Last Week in Reality
Local news in bite-sized chunks.
Ginseng Fraud A Taiwanese couple buying ginseng at a dispensary in Mong Kok is offered a price of $700 per catty. The couple want to buy one catty with cash but the shop insists on taking a credit card, offering a pack of ginseng tea as a complimentary gift. As the man pays by card, the shopkeeper rushes him to enter his PIN, covering the screen with his hands. Checking the receipt, the couple discovers that they have paid $11,110 instead of $700. The shopowner says that ginseng is weighed by the tael, not the catty, and says the couple should have read the price more carefully. The couple call the police, who refer them to the Consumer Council.
Hot Prices At midnight, a group of 11 have a meal at a hot pot restaurant in Kowloon City. They are charged $5,800 for the meal. Surprised at the high cost, they refuse to pay and leave. Two waiters try to stop them from going, but are assaulted by one of the group. The group had apparently ordered beer as well as food, but the restaurant refuses to disclose the order. Police arrest five of the group after the incident, charging one with assault.
Gloat Note The results of the Mark Six Mid-Autumn Festival are announced, with one ticket winning half of the $90 million jackpot. On the same night, a photo circulates online of a notice posted on to a shopfront. It reads “I have won the lottery and I am closing the store to go on holiday to the U.S. I am going to buy a house for retirement. Hehe. I am not lying.”
A man calling himself “Midnight Kiss” is charged in court with eight counts of burglary and one of attempted burglary. The name derives from singer Alan Tam’s classic Cantopop tune of the same name. The man’s name is similar to Alan Tam’s name, but he had always wanted a Japanese-sounding name, so he adopted to the four-character nickname “Midnight Kiss” instead. The case is adjourned, pending further police investigation.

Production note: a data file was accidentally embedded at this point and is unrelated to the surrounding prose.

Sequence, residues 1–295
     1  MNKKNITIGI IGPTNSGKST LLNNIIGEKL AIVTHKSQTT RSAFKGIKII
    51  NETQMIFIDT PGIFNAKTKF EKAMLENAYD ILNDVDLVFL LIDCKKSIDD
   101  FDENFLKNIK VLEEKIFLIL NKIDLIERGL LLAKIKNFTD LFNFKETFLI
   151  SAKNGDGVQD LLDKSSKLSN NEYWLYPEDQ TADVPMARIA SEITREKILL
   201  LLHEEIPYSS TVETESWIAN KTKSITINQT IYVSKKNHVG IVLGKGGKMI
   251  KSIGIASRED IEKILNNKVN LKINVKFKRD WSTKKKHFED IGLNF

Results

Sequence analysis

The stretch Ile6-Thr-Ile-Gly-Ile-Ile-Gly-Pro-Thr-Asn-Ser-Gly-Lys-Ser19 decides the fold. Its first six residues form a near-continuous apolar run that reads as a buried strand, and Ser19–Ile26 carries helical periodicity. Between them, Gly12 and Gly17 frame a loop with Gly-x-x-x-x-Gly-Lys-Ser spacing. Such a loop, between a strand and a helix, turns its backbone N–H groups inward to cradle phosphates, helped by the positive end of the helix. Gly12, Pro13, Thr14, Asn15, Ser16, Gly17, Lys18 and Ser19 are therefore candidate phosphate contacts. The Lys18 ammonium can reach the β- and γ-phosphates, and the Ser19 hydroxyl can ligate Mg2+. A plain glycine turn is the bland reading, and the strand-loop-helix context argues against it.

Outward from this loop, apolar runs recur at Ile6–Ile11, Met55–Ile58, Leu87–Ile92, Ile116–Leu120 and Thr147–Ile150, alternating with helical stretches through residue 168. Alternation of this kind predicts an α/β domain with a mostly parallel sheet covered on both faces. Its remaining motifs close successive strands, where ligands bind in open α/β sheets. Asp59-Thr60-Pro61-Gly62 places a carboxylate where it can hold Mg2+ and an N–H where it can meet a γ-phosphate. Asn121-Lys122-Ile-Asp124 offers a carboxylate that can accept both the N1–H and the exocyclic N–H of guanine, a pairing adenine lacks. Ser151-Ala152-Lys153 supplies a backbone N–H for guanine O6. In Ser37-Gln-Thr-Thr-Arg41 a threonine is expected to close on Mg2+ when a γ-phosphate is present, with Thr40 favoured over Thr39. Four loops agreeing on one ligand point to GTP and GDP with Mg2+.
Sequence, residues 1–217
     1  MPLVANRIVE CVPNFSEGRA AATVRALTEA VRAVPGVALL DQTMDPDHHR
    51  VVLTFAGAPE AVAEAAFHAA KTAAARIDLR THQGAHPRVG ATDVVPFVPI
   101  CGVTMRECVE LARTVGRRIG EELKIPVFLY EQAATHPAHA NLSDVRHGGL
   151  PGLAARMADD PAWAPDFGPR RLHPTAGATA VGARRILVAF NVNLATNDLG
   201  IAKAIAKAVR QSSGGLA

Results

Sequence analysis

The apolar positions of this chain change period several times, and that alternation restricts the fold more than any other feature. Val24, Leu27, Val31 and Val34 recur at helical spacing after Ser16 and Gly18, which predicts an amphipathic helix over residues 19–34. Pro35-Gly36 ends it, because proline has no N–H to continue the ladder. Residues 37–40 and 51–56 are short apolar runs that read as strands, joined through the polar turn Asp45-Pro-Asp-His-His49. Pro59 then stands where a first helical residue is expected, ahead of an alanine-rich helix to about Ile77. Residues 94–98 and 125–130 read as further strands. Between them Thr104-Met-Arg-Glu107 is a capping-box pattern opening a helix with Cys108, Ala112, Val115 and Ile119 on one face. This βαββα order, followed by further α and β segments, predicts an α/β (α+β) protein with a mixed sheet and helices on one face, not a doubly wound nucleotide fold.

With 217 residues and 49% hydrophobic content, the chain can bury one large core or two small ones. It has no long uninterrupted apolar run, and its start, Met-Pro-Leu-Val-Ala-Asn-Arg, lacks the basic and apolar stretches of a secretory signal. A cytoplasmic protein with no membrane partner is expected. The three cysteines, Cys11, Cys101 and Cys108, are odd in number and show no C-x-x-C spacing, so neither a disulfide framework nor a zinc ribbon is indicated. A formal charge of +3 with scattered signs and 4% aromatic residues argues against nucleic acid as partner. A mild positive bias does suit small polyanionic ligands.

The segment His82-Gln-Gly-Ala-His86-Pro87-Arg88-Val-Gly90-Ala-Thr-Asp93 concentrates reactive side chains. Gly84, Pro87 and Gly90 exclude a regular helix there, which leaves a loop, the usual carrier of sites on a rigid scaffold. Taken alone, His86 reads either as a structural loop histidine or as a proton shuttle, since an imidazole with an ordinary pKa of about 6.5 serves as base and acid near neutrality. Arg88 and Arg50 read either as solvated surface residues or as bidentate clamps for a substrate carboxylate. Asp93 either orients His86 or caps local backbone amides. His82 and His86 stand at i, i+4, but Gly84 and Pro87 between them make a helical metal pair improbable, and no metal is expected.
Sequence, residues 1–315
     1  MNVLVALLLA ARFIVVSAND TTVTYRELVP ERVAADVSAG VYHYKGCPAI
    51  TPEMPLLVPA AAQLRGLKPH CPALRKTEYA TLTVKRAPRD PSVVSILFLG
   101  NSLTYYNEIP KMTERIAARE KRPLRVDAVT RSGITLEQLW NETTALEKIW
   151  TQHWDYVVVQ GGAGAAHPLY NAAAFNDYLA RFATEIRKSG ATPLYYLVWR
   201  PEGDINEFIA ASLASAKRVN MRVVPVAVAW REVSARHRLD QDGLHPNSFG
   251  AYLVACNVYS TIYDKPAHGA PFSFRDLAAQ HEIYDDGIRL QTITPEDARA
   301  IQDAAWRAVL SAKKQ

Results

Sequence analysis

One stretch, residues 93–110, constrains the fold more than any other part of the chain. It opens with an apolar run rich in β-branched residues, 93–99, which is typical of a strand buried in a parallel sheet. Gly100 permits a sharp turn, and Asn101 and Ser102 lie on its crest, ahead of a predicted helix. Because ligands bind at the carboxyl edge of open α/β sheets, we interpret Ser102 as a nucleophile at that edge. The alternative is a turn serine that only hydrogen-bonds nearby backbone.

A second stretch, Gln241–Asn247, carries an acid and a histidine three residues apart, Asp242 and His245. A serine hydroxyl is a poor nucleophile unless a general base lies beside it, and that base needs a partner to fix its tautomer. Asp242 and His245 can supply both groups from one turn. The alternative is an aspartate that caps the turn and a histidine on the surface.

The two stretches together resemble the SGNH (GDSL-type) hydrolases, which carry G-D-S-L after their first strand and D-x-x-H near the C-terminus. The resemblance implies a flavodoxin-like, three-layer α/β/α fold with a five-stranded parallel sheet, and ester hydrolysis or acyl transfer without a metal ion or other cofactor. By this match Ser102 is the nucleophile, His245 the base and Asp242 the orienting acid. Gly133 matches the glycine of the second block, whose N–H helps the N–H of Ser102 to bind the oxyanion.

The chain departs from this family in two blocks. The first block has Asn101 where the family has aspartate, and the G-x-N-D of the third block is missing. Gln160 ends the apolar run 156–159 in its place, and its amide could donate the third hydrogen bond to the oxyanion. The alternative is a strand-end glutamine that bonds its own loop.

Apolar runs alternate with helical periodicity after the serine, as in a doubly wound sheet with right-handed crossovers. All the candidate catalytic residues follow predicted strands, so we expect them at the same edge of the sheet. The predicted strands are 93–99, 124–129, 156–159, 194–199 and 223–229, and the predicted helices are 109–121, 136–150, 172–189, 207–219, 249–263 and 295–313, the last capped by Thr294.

Ssssssutra A three-foot-long rat snake is found hiding in a cottage on the grounds of a Buddhist temple in Tuen Muen. Police call in expert “Snake King Lau” to capture the serpent. As the “Snake King” goes to work, monks in the temple gather around the cottage and chant sutras. When the snake is captured, the monks request that it not be killed. The snake is released into the wild.
Toothy Bite A woman buys a box of salmon sushi from a chain store to take home. She bites on something hard and discovers three false teeth inside the sushi. She calls the manager of the shop to complain, but the manager insists that all staff wear face masks and no one employed wears false teeth. A spokesperson for the Food and Environment Department says that they have inspected the store and are satisfied with its hygiene conditions.
Boozy Burglary A 40-year-old man returns to his apartment in Fortress Hill in the morning after spending the night drinking. He presses the wrong button on the elevator and ends up on the 35th floor, three floors below his home. He finds the door is unlocked and enters: The man who lives in the flat wakes up to find him asleep on the kitchen floor, and calls the police. More than 20 police officers in six police vans, and a patrol dog, arrive on the scene before the misunderstanding is cleared up.
Illustrations: Ryan Chan